Chapter 3 - How to Make Your Character Realistic – Warts and All

So, we’ve got some ideas about what makes a character and what makes a story, but how do we make sure that our character is realistic? Once we’ve got a realistic character, we’ll be well on our way to making the character interesting – because real people are pretty interesting, right? Even the ones we might think are boring, like our Maths teacher maybe, or our friend when she talks about what she dreamt about again – even these people must be interesting in some way.

People are complicated, and they have strengths and weaknesses, flaws and virtues, nervous and endearing and annoying habits, and even, occasionally, warts. People have secrets. Sometimes they lie, sometimes they do silly things that hurt other people’s feelings. They have a past, present and a future. Say someone started writing a story about you, for example. In this moment, you are somewhere specific in the world, using a device to load this course. But you, as a person, are an awful lot more than the you that would be depicted in that story, right? You are all the past of your life that’s made you into this person right now, and you will carry on learning and living and growing tomorrow and for many more tomorrows.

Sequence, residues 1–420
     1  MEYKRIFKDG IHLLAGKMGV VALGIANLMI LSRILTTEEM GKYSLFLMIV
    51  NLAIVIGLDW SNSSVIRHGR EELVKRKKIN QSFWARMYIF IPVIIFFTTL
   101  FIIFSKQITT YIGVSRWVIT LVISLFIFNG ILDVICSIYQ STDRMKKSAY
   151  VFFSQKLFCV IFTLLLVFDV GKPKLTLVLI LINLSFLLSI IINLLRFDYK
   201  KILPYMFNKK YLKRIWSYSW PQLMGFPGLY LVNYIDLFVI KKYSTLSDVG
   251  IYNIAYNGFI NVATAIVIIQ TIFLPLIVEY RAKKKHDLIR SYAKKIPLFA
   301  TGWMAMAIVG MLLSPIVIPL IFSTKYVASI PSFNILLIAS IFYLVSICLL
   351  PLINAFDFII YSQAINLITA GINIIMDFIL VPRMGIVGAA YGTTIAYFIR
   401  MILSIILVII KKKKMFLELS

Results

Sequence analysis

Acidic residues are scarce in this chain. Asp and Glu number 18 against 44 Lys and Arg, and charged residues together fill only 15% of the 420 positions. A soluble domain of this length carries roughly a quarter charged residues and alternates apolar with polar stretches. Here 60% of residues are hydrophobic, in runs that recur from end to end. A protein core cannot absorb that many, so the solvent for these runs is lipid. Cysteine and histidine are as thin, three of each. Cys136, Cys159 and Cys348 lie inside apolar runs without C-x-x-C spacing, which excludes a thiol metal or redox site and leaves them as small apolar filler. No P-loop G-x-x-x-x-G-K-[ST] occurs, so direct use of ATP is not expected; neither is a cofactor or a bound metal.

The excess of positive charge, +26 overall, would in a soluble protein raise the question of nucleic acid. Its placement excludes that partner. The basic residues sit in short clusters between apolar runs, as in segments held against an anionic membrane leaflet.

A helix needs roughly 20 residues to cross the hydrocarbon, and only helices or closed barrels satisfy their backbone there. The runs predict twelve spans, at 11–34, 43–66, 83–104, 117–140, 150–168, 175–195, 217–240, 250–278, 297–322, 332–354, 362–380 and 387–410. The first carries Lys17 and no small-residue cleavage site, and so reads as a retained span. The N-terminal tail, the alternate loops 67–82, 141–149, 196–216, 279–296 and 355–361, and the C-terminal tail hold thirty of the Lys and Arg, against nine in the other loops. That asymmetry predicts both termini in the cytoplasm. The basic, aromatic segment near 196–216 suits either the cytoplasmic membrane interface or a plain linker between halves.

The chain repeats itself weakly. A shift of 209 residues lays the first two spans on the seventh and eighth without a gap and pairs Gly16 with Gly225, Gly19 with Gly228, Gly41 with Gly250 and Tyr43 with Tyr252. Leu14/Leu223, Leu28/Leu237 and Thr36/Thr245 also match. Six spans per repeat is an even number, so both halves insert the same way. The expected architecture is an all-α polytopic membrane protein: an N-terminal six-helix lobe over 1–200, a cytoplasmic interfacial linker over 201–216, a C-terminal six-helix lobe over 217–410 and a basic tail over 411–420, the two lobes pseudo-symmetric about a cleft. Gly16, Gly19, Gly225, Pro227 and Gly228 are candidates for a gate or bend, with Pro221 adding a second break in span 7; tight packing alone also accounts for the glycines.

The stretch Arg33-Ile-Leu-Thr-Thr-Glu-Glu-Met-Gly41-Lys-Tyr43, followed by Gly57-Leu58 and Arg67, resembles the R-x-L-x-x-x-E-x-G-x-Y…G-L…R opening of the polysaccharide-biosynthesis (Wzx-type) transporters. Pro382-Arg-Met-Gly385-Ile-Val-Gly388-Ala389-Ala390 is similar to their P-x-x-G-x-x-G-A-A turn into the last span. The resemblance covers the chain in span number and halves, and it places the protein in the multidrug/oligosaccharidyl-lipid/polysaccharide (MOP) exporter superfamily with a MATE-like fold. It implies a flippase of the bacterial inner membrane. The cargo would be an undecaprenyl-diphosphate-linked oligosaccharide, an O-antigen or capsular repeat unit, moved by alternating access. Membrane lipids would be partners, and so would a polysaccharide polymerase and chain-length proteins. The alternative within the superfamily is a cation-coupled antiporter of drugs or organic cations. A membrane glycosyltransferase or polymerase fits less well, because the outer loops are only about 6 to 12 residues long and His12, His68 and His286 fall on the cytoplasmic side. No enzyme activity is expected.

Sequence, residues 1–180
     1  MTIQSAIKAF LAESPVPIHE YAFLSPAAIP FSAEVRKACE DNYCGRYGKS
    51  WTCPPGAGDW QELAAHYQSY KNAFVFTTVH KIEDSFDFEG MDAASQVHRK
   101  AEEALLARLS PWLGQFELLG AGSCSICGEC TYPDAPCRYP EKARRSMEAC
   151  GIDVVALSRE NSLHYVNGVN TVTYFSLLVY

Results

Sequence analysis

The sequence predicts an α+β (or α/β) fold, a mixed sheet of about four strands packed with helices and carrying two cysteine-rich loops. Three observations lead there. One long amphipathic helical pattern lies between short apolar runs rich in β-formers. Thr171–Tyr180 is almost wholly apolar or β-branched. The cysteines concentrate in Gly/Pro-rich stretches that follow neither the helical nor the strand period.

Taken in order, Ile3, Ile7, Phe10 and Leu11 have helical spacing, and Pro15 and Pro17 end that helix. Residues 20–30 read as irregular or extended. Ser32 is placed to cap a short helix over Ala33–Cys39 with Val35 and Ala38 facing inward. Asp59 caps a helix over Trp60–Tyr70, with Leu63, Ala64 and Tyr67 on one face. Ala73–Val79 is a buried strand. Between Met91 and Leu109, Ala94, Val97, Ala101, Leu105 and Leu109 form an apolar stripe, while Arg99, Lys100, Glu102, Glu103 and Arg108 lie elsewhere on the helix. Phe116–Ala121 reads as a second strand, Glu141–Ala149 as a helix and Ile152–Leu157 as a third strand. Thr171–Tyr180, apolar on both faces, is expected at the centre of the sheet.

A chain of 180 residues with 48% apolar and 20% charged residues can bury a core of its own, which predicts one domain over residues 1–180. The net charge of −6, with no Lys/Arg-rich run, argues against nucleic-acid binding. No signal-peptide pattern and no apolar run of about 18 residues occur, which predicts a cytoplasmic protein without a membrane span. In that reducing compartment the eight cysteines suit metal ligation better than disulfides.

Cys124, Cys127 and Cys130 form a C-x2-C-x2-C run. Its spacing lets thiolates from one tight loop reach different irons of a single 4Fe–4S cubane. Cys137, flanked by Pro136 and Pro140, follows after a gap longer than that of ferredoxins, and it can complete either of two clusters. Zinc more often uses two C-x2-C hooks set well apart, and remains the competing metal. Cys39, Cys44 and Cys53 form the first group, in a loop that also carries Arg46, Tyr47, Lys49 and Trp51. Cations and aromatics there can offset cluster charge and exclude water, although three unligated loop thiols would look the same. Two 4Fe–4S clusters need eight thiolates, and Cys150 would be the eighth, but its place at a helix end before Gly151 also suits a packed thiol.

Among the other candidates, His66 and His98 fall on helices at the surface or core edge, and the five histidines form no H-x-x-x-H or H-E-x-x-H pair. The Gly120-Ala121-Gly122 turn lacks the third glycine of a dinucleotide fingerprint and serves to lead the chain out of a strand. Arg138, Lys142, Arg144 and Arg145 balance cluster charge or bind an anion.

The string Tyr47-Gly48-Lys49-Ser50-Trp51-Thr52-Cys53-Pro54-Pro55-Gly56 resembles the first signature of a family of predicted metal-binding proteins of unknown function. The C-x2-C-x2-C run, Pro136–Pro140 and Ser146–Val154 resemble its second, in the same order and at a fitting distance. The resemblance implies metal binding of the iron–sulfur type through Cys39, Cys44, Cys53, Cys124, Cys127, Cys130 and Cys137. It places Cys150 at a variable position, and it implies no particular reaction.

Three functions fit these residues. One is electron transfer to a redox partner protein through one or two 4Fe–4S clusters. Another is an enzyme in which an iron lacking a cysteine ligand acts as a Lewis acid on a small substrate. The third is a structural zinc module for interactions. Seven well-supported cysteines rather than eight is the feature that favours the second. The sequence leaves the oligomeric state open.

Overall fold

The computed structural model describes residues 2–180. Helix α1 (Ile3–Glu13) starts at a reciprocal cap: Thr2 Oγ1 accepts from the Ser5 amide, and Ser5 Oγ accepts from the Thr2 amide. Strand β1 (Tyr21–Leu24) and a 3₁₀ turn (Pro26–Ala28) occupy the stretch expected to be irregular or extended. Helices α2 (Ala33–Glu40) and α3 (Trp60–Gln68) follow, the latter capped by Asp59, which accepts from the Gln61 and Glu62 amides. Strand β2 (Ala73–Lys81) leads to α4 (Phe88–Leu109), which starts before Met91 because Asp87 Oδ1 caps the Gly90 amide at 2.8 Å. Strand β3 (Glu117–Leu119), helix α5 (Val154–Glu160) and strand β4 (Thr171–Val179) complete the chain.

Now, I’ll stop before I get too philosophical, but thinking like this is a helpful way to make your characters realistic, too. We want to be able to imagine that they, like you, have had a past that’s made them into the person they are now (were they raised as an orphan? or perhaps they lived on a sailboat till they were a teenager?). We want to be able to see them fully in the present moment – what they look like, sound like, maybe even smell like, and where they are in the world (are they on a spaceship? or perhaps their grandmother’s garden?). And, we want to imagine their future – however eventful and dramatic.

All of this will help to do two wonderful things: make your character realistic, and make your character interesting. That’s what we’re after.

Exercise #1

To get started, jot down your answers to the following questions about your character – either a character you’ve been writing about for a while, one that you wrote about in Module 1, or one that you’re making up as you go along. As with the freewriting exercise, don’t think about it too much, write whatever first comes to mind. Remember though, you are answering these questions as though you are your character, not yourself.

  1. Where and when were you born?
  2. Where do you feel most at home?
  3. Where do you, or would you, like to run away to?
  4. What do you like to do on weekends?
  5. Who are your closest friends?
  6. What do you wish could have happened differently?
  7. Have you ever been in love?
  8. If you were an animal, what might you be?
  9. What is your favourite comfort food?
  10. What do you want?